Currently satellite operators do not give quality statements on their low level products. Value-adders do not give quality statements on their higher level products (except perhaps in the case of atmospheric sciences which seems a little more advanced than the other areas). It is impossible for an end-user or application developer in Kopernikus to say which data is most suitable for a specific application, or even the induced errors in any product produced from this data. It is difficult at this time to say there is a single quality measure. We are proposing that the quality information from each module can be aggregated in higher level modules and suitable indices designed to provide to users with different needs. The lower level information should be there, either as single or a limited number of values in the metadata or as quality “products” which may contain pixel by pixel quality information (if this is required).

It will require some experimentation with the end-user to determine exactly what they require. Perhaps a simple labelling such as energy-efficiency of devices for example. Or some quantitative statement of the uncertainty in any final product, such as ppm of an atmospheric gas, uncertainty of water leaving radiance, uncertainty in a DEM. This in many ways has still to be decided and until that point the user will have the possibility to drill down through the metadata and indexed quality products to examine exactly how each product satisfies the user needs.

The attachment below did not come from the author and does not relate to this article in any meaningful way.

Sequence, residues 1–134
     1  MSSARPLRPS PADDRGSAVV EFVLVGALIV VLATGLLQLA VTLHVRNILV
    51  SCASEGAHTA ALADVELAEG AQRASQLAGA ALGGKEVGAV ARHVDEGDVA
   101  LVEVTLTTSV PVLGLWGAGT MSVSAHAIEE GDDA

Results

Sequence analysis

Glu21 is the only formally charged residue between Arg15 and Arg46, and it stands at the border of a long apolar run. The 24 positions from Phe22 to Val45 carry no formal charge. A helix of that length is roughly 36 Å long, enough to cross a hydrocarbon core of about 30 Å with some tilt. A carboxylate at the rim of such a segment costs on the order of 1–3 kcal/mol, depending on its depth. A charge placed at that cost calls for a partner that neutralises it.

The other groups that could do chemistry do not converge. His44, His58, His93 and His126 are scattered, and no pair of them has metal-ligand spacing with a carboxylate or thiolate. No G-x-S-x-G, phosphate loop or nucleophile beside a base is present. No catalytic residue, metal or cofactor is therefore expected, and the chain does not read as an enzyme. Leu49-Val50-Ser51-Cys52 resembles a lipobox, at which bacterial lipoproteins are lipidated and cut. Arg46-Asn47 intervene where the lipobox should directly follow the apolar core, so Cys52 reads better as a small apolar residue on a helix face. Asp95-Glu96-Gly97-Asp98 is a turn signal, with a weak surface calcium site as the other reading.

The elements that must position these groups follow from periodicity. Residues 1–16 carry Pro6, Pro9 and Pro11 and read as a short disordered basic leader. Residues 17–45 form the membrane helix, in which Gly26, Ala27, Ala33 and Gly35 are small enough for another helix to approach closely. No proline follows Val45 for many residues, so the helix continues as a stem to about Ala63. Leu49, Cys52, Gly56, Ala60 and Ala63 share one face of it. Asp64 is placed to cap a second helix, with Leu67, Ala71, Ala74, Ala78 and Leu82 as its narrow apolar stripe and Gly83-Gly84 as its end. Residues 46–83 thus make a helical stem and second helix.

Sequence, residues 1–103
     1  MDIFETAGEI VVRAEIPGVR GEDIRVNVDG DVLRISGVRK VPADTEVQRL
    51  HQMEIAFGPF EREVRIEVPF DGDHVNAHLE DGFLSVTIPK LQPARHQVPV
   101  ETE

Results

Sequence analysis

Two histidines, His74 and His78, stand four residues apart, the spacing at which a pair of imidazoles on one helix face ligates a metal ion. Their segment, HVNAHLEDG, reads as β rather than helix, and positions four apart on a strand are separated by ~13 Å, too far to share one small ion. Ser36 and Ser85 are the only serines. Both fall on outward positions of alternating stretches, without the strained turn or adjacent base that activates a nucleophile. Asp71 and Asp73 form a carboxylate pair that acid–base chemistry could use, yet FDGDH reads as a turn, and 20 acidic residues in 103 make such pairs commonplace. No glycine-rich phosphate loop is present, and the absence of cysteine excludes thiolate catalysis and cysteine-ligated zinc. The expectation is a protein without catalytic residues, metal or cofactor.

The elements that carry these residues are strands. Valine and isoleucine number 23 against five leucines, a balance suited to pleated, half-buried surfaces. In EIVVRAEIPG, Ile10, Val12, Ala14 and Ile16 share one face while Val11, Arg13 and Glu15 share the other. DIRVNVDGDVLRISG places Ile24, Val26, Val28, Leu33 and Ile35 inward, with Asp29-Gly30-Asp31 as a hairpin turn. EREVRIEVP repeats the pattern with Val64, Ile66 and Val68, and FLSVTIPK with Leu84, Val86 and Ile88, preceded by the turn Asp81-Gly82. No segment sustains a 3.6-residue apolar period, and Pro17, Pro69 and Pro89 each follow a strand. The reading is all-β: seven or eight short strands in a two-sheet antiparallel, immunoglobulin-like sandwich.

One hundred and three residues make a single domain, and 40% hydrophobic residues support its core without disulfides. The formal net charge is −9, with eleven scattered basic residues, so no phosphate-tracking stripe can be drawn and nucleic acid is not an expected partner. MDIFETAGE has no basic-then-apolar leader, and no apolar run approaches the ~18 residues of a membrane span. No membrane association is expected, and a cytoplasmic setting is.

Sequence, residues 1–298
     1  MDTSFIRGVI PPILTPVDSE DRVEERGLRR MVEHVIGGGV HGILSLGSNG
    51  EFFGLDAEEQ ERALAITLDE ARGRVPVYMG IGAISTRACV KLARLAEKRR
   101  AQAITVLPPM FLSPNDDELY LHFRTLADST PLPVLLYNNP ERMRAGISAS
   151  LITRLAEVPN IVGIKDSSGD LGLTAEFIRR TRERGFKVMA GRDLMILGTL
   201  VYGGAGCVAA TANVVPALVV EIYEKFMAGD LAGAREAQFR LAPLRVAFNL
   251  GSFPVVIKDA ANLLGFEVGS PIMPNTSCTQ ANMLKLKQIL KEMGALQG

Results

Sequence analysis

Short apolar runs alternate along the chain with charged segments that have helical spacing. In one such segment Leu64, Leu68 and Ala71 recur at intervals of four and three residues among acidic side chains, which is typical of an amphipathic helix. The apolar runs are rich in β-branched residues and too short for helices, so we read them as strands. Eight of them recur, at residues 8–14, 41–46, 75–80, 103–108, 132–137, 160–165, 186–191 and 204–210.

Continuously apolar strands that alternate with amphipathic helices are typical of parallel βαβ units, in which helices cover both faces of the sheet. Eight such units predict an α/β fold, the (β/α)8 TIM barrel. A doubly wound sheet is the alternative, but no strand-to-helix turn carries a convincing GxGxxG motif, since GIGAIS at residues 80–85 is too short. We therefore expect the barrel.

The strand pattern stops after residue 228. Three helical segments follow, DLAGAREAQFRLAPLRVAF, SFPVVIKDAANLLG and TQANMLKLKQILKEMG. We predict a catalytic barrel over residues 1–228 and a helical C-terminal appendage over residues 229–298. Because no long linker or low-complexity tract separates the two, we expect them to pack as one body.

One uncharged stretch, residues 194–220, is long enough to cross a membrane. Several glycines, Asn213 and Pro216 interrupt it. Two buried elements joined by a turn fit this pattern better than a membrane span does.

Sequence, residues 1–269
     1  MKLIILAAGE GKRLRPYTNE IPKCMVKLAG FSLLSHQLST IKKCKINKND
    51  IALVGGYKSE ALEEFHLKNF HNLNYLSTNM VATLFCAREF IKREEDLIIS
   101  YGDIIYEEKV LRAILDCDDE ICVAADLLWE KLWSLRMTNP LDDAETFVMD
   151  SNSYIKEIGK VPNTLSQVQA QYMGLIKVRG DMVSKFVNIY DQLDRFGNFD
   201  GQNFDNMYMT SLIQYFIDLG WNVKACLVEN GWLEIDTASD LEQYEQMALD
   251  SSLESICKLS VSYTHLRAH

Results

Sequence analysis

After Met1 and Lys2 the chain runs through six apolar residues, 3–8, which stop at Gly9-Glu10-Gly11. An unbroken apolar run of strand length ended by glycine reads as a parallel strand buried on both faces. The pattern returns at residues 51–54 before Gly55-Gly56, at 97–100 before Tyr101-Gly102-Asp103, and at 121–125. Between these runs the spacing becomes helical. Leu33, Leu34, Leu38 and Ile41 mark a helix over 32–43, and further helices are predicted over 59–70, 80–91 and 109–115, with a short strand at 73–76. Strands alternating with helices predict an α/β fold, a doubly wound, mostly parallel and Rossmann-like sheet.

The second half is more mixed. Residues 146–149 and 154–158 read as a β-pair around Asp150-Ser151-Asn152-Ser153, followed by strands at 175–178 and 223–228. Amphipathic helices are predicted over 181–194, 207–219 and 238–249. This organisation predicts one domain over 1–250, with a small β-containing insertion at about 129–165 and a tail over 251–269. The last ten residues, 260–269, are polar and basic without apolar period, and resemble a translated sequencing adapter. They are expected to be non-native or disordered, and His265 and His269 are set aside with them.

Thank you, Dr. Mackin, for your expalanation of the new calibration process. For further reader information regarding DCMii, please visit: http://www.dmcii.com/

About the author
Dr. Stephen Mackin is Chief Scientist for DMC International Imaging Ltd and a Principal Research Scientist at the UK National Physical Laboratory. His current primary research tasks are in calibration (Disaster Monitoring Constellation) and data quality. Dr.Mackin has an extensive background in Earth Observation covering applications of hyperspectral remote sensing in Geology and land degradation and examination of GPS Reflectometry applications and low cost thermal microbolometer systems for hot spot monitoring.